Open menu Close menu Open Search Close search Open sharebox Close sharebox
Support our Sponsor

. . Flags of the World Maps of All Countries; Home; Page; Country Index

Japan Economy 1999

    Economy—overview: Government-industry cooperation, a strong work ethic, mastery of high technology, and a comparatively small defense allocation (1% of GDP) have helped Japan advance with extraordinary rapidity to the rank of second most powerful economy in the world. One notable characteristic of the economy is the working together of manufacturers, suppliers, and distributors in closely knit groups called keiretsu. A second basic feature has been the guarantee of lifetime employment for a substantial portion of the urban labor force; this guarantee is eroding. Industry, the most important sector of the economy, is heavily dependent on imported raw materials and fuels. The much smaller agricultural sector is highly subsidized and protected, with crop yields among the highest in the world. Usually self-sufficient in rice, Japan must import about 50% of its requirements of other grain and fodder crops. Japan maintains one of the world's largest fishing fleets and accounts for nearly 15% of the global catch. For three decades overall real economic growth had been spectacular: a 10% average in the 1960s, a 5% average in the 1970s, and a 4% average in the 1980s. Growth slowed markedly in 1992-95 largely because of the aftereffects of overinvestment during the late 1980s and contractionary domestic policies intended to wring speculative excesses from the stock and real estate markets. Growth picked up to 3.9% in 1996, largely a reflection of stimulative fiscal and monetary policies as well as low rates of inflation. But in 1997-98 Japan experienced a wrenching recession, centered about financial difficulties in the banking system and real estate markets and exacerbated by rigidities in corporate structures and labor markets. In early 1999 output has started to stabilize as emergency government spending begins to take hold. The crowding of habitable land area and the aging of the population are two major long-run problems.

    GDP: purchasing power parity—$2.903 trillion (1998 est.)

    GDP—real growth rate: -2.6% (1998 est.)

    GDP—per capita: purchasing power parity—$23,100 (1998 est.)

    GDP—composition by sector:
    agriculture: 2%
    industry: 38%
    services: 60% (1997)

    Population below poverty line: NA%

    Household income or consumption by percentage share:
    lowest 10%: NA%
    highest 10%: NA%

    Inflation rate (consumer prices): 0.9% (1998 est.)

    Labor force: 67.72 million (November 1998)

    Labor force—by occupation: trade and services 50%, manufacturing, mining, and construction 33%, utilities and communication 7%, agriculture, forestry, and fishing 6%, government 3% (1994)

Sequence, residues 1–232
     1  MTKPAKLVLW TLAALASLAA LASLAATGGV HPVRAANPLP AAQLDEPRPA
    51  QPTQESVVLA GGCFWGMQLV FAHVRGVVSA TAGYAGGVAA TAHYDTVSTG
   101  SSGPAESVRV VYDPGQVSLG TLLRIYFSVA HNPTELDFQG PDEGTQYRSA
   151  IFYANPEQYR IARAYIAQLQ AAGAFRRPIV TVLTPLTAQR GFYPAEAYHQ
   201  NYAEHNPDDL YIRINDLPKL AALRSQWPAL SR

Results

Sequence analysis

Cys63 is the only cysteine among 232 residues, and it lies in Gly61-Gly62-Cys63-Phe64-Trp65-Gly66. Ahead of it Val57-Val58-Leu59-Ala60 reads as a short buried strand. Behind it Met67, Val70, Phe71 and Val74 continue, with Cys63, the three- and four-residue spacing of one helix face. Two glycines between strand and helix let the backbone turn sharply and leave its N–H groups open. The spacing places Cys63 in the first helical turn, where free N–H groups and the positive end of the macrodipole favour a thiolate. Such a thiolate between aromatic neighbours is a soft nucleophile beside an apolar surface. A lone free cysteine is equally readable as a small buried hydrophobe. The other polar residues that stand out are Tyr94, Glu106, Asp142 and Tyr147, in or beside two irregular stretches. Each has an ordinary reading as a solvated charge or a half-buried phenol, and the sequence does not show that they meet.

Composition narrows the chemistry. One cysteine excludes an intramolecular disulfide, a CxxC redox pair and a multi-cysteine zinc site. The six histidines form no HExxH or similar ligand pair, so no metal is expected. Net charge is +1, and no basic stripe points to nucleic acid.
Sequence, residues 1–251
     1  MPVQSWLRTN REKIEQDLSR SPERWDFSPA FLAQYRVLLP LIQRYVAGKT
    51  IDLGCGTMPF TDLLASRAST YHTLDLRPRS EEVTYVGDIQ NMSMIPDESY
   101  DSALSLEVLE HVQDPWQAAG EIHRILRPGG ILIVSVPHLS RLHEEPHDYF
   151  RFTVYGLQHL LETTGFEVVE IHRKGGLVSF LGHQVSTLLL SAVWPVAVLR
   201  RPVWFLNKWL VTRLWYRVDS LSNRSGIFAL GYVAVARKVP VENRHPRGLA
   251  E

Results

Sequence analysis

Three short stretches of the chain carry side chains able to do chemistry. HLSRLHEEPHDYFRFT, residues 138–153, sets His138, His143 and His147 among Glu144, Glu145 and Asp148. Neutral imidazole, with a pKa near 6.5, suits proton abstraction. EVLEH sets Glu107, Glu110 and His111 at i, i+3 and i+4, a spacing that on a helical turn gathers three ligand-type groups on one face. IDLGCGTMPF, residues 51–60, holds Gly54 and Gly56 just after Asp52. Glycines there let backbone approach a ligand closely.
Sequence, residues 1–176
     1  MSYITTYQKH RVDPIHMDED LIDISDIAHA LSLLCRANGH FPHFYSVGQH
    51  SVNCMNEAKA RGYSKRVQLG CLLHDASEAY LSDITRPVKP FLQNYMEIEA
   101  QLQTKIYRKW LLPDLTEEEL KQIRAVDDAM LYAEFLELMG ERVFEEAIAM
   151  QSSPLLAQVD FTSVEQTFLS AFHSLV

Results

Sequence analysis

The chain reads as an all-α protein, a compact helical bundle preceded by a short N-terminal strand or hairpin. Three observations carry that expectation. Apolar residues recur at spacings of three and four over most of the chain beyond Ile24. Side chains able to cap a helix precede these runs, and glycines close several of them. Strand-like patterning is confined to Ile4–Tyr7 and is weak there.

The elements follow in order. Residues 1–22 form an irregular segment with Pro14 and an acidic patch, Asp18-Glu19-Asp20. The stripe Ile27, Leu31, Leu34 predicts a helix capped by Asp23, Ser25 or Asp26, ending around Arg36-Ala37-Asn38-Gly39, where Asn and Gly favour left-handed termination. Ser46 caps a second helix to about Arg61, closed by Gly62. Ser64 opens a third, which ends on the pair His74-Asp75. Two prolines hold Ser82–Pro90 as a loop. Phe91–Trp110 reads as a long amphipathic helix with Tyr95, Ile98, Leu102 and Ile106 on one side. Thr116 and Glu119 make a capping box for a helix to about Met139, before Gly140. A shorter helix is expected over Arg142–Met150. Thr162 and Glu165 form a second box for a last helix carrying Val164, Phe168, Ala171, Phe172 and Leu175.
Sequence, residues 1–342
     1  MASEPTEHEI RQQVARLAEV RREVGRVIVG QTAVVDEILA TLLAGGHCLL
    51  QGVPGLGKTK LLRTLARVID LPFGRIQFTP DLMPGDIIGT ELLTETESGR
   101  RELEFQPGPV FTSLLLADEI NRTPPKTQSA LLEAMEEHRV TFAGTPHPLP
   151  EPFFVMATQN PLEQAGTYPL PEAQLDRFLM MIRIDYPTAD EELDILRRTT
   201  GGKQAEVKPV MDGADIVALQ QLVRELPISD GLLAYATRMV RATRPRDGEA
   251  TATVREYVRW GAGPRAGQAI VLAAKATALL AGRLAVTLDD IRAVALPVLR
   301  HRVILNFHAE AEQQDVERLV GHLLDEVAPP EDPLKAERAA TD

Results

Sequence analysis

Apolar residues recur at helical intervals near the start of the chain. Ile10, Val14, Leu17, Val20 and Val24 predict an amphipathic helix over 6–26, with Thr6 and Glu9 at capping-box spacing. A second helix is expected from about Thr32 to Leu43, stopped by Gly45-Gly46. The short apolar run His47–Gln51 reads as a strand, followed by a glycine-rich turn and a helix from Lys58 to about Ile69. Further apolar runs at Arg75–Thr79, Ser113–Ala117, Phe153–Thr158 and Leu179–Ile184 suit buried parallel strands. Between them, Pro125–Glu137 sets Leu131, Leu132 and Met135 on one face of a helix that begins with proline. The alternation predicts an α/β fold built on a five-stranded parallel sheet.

Unemployment rate: 4.4% (November 1998)

    revenues: $407 billion
    expenditures: $711 billion, including capital expenditures (public works only) of about $86 billion (FY99/00 est.)

    Industries: among world's largest and technologically advanced producers of steel and nonferrous metallurgy, heavy electrical equipment, construction and mining equipment, motor vehicles and parts, electronic and telecommunication equipment, machine tools, automated production systems, locomotives and railroad rolling stock, ships, chemicals; textiles, processed foods

    Industrial production growth rate: -6.9% (1998)

    Electricity—production: 948.559 billion kWh (1996)

    Electricity—production by source:
    fossil fuel: 61.47%
    hydro: 8.34%
    nuclear: 29.83%
    other: 0.36% (1996)

    Electricity—consumption: 948.559 billion kWh (1996)

    Electricity—exports: 0 kWh (1996)

    Electricity—imports: 0 kWh (1996)

    Agriculture—products: rice, sugar beets, vegetables, fruit; pork, poultry, dairy products, eggs; fish

    Exports: $440 billion (f.o.b., 1998)

    Exports—commodities: manufactures 96% (including machinery 50%, motor vehicles 19%, consumer electronics 3%)

    Exports—partners: US 30%, EU 18%, Southeast Asia 12%, China 5%

    Imports: $319 billion (c.i.f., 1998)

    Imports—commodities: manufactures 54%, foodstuffs and raw materials 28%, fossil fuels 16%

    Imports—partners: US 24%, Southeast Asia 14%, EU 14%, China 13%

    Debt—external: $NA

    Economic aid—donor: ODA, $9.1 billion (1999)

    Currency: yen (�)

    Exchange rates: yen (�) per US$1—113.18 (January 1999), 130.91 (1998), 120.99 (1997), 108.78 (1996), 94.06 (1995), 102.21 (1994)

    Fiscal year: 1 April—31 March

Support Our Sponsor

Support Our Sponsor

Please put this page in your BOOKMARKS - - - - -

Revised 1-Mar-99
Copyright © 1999 Photius Coutsoukis (all rights reserved)